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Karl Dönitz

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Karl Dönitz

Grand Admiral Karl Dönitz (1891 - 1980) was commander of the U-boat fleet of the Kriegsmarine (German Navy) during the Second World War and very briefly leader of the remaining area of Nazi Germany upon Hitlers Death. Dönitz also served as a U-Boat captain during the First World War.


Upon the death of Hitler and Goebbels, Dönitz was appointed President.[1][2] Dönitz immediately opened up negotiations with the Allied Powers to offer Germany's unconditional surrender.[3] On May 7, the British and US governments accepted a surrender authorized by Dönitz.[4] The decision was controversial, as the Big Three Allied Powers had agreed not to accept any separate peace terms. Dönitz was subsequently arrested and tried as a war criminal.[5]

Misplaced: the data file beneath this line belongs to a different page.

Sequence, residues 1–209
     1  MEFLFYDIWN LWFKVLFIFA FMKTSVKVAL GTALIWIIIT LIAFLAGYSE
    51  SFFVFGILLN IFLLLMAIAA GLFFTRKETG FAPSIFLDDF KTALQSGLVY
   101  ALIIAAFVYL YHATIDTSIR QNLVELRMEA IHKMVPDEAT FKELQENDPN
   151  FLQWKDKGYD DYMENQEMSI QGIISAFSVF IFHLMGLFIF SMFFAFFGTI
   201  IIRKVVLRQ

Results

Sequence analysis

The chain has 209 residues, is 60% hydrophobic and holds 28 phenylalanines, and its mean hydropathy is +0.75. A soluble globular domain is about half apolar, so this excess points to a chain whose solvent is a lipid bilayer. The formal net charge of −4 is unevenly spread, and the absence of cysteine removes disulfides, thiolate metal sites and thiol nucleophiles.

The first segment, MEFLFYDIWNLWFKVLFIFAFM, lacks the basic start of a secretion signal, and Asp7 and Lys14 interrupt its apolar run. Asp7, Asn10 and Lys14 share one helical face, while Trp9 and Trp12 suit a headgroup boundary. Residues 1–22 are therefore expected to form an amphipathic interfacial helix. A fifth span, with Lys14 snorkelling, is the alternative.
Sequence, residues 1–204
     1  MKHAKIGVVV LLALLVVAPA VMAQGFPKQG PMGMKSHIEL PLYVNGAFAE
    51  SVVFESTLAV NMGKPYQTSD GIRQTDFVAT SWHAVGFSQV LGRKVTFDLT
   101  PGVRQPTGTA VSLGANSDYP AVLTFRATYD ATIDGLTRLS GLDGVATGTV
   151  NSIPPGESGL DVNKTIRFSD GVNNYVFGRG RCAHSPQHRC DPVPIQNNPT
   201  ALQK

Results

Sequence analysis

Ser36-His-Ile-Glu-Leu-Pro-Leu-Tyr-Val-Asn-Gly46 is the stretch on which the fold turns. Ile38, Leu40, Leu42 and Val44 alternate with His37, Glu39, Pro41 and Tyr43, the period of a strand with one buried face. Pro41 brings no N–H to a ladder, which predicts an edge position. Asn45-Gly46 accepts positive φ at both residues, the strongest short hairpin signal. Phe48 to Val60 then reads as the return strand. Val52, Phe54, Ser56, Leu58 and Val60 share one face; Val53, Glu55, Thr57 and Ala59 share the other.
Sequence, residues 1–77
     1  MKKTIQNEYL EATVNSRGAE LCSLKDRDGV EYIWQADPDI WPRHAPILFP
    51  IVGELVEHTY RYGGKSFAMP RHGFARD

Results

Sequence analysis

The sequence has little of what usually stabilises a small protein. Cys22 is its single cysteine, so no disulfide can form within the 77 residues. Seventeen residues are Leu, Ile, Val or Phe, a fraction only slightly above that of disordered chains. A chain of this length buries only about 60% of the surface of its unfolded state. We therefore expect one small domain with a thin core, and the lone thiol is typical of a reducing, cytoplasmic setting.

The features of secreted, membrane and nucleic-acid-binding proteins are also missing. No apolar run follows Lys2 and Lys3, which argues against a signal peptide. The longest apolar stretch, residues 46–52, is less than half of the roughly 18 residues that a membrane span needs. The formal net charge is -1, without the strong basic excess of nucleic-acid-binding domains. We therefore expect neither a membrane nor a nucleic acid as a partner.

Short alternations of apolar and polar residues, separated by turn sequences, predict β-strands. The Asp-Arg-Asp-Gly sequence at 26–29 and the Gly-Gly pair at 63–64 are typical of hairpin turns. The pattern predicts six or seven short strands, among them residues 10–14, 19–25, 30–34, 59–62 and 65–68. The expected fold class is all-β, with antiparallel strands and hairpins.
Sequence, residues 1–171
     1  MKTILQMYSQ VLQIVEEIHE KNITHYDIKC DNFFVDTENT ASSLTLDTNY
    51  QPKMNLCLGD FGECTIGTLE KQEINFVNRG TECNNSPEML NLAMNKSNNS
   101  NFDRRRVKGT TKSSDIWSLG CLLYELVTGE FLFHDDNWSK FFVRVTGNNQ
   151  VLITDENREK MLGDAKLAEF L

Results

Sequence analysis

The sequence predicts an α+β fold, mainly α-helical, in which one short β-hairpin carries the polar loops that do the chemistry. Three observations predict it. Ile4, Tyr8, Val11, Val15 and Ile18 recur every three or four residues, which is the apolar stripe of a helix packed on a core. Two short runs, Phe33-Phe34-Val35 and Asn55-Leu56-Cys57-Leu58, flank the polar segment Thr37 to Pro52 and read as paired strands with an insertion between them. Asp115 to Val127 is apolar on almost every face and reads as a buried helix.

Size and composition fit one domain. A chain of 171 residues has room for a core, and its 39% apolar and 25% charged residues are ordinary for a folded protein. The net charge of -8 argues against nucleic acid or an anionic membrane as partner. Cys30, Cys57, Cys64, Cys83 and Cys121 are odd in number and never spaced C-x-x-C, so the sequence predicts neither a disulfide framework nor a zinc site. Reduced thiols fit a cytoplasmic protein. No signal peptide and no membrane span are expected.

Dönitz was placed on trial in Nürnberg where he was sentenced to ten years imprisonment for war crimes, largely related to his policy of unrestricted submarine warfare. A part of his defense at the trial was that the US had also waged unrestricted submarine warfare from day one of their involvement.


After his release he lived a quiet life writing a small number of books. His most famous being his memoir 10 Jahre, 20 Tage. 10 Years and 20 days; an allusion to his 10 years as a Kriegsmarine officer and his 20 days as the nominal head of the German state.